While we're at it, it is absolutely worth pointing out here that with each of these supposedly newfangled methods, never once is it mentioned that they grow out well. This, above all else, is the most important criterion of every good haircut. After all., hair grows. It changes. It evolves over the months. This reality has been the foundation of my work for the entirety of my career. Any haircut that fails to grow out well or stops performing too quickly is not a good haircut. Lives are busier and time restrictive as ever. Heading to get a haircut isn't something that should need to be done all the time. A haircut that is designed properly will not only be flattering and supportive to one's natural texture but also endure for an extensive period of time. This should be non-negotiable. The fact all these new methods don't mention this is a worry.
For any client who has struggled to find someone who can cut their curly hair in a supportive manner, the notion of a new discovery by some far away hairdresser with a strong social media presence can be an alluring proposition of salvation. It's no wonder I receive the messages I do from clients who thirst to have what they believe to be the latest best thing they read about online somewhere. Again, they need to separate reality from online hype and understand that cutting hair isn't some complex task that needs new discoveries every few years.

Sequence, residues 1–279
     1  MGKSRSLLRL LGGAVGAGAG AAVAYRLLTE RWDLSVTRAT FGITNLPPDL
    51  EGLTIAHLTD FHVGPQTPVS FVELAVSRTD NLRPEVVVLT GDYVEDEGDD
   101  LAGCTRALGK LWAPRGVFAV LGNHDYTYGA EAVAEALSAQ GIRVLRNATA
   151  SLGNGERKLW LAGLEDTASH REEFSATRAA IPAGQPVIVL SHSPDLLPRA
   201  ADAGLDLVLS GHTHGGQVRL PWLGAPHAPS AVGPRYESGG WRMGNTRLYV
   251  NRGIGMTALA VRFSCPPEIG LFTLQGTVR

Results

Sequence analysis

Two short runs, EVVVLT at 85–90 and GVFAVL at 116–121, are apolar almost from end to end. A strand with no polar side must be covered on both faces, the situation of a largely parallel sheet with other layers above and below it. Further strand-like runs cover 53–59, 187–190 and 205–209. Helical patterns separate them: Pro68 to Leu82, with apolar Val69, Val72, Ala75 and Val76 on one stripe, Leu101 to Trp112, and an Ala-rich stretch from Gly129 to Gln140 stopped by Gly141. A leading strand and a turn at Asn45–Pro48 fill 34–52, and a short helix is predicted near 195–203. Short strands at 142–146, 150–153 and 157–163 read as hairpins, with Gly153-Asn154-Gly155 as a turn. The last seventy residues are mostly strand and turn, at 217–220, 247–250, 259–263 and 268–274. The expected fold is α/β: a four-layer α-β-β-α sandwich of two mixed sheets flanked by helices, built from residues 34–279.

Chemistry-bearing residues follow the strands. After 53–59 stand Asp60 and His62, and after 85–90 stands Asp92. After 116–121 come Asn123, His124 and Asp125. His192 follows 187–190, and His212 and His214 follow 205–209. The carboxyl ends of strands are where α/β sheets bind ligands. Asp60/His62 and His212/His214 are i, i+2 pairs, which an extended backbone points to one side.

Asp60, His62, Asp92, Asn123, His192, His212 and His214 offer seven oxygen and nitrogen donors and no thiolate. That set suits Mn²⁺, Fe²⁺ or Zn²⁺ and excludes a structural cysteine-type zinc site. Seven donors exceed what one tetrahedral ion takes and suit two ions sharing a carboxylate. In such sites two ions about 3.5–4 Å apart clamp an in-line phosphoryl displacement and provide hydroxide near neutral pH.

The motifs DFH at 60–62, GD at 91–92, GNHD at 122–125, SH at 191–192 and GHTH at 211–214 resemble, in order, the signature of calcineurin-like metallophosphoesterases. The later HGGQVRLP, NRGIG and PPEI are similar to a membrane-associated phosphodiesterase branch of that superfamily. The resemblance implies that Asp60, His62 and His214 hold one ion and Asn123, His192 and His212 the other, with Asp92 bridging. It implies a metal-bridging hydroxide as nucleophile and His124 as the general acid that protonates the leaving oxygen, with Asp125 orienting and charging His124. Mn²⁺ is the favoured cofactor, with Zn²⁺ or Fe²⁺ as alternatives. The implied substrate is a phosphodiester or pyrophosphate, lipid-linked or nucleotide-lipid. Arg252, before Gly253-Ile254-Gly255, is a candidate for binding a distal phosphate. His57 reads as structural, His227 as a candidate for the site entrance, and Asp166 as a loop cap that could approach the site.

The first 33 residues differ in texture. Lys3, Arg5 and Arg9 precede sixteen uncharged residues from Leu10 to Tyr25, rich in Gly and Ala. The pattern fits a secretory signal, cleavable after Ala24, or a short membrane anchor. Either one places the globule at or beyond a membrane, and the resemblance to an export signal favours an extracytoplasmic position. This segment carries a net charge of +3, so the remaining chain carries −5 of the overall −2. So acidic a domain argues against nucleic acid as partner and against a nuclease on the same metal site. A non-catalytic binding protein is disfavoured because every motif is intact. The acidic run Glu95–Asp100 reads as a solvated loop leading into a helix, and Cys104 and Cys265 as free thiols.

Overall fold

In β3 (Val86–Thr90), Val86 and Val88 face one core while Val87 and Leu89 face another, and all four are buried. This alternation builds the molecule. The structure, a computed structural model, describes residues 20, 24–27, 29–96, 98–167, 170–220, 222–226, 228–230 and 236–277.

Human hair has not evolved in the last decade, let alone the last 2000 years. I have spent more than 30 years actively developing a means of cutting hair that supports all the different textures and types of hair I regularly work with. Have my methods changed and become better over the years? Absolutely they have. Is anything I do with a pair of scissors new or has never been done before? Of course not. Now, my clients often tell me they haven't had anyone cut their hair the way I do, but that doesn't mean that what I am doing to their hair is at all new. It may be new for them, but on the larger scale of history, it is not. What about my principles or how I choose to engage with clients? While that may seem different, I certainly didn't invent anything there either. I just aim to have the client experience be much more supportive than what a conventional hairdresser or salon would ever think to offer.
At the end of the day, a client needs to be able to communicate effectively with me in order to have the best chance at us both feeling satisfied and happy with the result. My cutting methods are as refined and successfully proven as one can find anywhere on this planet and certainly so within Australia. They darn well should be thought as it has been my entire professional focus for a long time. Are the results of all this effort perfect? Certainly not. I am human after all. That said, I do take exceptional care to ensure the odds of success here are about as high as they possibly can be before starting. This approach contributes greatly to the success that I have achieved. Regardless of the methods used to get there, as long as we both work together in a supportive and open manner, there is no better chance of being happy with your hair than in my chair.